Marina and the Diamonds
with Icona Pop
Emo’s West, Austin, TX • December 18, 2012
Carl F Gauze
It’s been a while since I’ve attended a show where I’m taller than half the crowd. Sure, there were some long-suffering parental chaperones huddled in the back playing Words with Friends, but the main mass of this all-ages show was young teenagers and a few lost looking gay couples. Still, there’s nothing wrong with bubble gum pop, and parking wasn’t the horror show Yahoo lead me to believe; inside Emo’s cavernous concrete dance floor they had a full bar, and since no one was legal, the wait for beer was short.
Opening act Icona Pop describes itself as “Swedish Electro-Pop” and the team of Aino Jawo and Caroline Hjelt seemed pretty handy with a drum machine. When they weren’t bent over mysterious boxes and a mass of cables, they jumped up and down and got the crown in a mild rave-style arm-waving frenzy. The energy was positive, and these girls are NOT afraid to Auto-Tune. Too bad I couldn’t pick out any lyrics; the sound in Emo’s is muddy and none of my notes line up with identifiable cuts on their discography. Upside: infectious pop sensibility, decent mixing, and a great look. Downside: the set was exactly 30-minutes long, and I was up for a few more tracks before they struck and the roadies started winding cables. The girls promised to hang out at the merch table, but I never saw them there. I debated the $30 “I’m a ’90s Bitch” white tee, but then thought better of it.
Grab a beer. Ditch the last one. Tourist note: Emo’s rest room has the coolest posters ever.
I’m new to Marina and the Diamonds; she’s a Big Thing in the UK, with a stack of high-end nominations and awards from NME and MTV. I see her as Lady Gaga light; she’s sexy and seductive, dresses in thrift shop chic without resorting to pointy bras or sirloin dresses, and she’s master of the failed love affair song. Her four-piece back-up dresses in white shirts and black vests and recalls the sort of matching costumes bands wore in the ’60s. The sound is pop flavored with dance, and while the drummer is hitting all sorts of notes, all I can hear is the kick bass.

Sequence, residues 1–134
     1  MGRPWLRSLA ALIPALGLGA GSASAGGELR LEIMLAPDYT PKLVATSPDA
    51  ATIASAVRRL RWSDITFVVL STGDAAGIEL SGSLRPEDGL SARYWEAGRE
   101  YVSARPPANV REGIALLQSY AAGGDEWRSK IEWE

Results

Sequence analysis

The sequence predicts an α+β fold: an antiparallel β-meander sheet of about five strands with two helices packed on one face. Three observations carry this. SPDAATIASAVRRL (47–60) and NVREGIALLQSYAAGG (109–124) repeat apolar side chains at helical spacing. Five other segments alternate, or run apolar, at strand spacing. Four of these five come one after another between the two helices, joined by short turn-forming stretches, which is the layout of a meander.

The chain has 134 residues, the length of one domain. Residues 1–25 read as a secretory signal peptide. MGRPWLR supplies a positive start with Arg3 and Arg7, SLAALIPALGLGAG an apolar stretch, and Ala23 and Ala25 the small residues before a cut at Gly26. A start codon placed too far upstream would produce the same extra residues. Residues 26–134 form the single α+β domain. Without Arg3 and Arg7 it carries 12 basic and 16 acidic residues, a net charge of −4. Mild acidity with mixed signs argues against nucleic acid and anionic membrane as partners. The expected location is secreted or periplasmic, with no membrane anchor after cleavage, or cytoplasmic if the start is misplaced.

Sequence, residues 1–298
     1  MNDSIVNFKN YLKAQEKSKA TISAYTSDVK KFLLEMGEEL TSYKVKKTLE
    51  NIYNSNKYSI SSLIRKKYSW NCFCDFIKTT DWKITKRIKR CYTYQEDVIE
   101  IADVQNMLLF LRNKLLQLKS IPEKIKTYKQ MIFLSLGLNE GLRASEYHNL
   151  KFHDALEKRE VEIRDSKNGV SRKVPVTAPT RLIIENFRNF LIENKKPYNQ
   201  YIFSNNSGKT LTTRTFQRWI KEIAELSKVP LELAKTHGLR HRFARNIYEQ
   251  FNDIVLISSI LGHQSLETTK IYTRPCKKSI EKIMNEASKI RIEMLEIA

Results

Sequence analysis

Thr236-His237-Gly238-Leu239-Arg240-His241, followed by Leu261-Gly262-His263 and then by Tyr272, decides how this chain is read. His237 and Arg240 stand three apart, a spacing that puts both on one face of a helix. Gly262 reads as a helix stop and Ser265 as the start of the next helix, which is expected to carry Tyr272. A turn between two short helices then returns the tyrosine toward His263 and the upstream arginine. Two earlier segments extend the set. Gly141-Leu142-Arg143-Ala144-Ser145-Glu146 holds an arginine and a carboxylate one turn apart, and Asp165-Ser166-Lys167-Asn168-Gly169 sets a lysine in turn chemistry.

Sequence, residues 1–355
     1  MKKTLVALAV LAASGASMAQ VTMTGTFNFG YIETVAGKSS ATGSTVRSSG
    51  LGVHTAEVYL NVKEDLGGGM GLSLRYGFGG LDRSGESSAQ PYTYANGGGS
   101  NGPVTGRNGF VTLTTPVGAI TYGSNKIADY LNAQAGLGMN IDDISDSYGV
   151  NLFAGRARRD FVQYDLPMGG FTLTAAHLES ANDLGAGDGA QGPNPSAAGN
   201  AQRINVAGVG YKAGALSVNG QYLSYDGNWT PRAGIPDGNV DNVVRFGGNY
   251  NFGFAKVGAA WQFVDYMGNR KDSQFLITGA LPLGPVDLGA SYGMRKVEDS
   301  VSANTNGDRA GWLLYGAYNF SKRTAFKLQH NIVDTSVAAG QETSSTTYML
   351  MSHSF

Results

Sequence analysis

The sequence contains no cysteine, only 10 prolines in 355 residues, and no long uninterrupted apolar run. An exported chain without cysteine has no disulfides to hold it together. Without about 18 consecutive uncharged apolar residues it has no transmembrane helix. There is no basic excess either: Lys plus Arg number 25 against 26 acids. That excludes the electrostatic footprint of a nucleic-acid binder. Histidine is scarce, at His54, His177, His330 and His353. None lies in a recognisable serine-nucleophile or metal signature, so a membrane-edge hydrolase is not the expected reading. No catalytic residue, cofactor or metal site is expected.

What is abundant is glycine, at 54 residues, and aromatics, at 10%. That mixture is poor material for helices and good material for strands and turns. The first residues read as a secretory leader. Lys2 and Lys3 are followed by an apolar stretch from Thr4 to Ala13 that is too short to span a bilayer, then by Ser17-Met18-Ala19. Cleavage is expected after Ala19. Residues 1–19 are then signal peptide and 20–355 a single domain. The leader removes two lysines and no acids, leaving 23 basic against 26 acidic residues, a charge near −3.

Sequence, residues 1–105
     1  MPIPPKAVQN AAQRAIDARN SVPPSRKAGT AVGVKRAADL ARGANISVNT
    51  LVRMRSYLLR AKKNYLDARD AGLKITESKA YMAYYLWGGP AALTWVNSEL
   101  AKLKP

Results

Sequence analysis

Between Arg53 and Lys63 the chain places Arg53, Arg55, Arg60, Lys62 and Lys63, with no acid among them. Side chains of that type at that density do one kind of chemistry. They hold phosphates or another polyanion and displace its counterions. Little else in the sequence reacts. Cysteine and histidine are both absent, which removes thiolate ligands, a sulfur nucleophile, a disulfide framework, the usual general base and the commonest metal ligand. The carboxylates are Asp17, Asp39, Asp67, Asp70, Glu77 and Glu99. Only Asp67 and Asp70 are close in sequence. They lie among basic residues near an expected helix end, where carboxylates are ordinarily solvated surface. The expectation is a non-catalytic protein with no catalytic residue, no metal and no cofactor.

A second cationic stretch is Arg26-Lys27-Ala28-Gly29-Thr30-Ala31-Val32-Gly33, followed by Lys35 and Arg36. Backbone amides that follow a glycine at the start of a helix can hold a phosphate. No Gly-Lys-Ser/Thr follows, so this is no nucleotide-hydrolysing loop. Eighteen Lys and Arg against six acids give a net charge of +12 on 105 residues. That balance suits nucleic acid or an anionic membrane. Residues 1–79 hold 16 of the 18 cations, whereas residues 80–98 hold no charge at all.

This tour supports her recent Electra Heart album, and a giant neon logo hangs over the set blinking like a cheap motel sign on Route 98. I think all the album cuts are on stage tonight. I loved “Bubble Gum Bitch” with its bouncy yet snotty chorus, Marina could be the “Home Wrecker” with me any day, and “State of Dreaming” was, well, a dream. Marina pulls off a few quick costume changes. She opens in a black two-piece that looks vaguely like a cheerleader costume, and then she adds a white bridal veil, then there’s a red seductress dress with a pink heart on the bodice, and finally a white sequined number. Along the way she brags about her $2 acquisitions. I’m a thrifty guy as well, and there’s no need to spend big bucks to get an eccentric look.
After an hour or so, the band slips off stage and then quickly returns for the encore, the energy notches up, she sings a song about the Rules of Love, and then, it’s bedtime on this late-in-the-years school night. Out in the parking lot I catch the band running to the tour bus. The crowd makes a half-hearted attempt to get autographs, but no one presses it. The bus windows are blacked out, a single roadie sits guarding the band, and we all leave, happy and enthralled. There is still hope for pop music.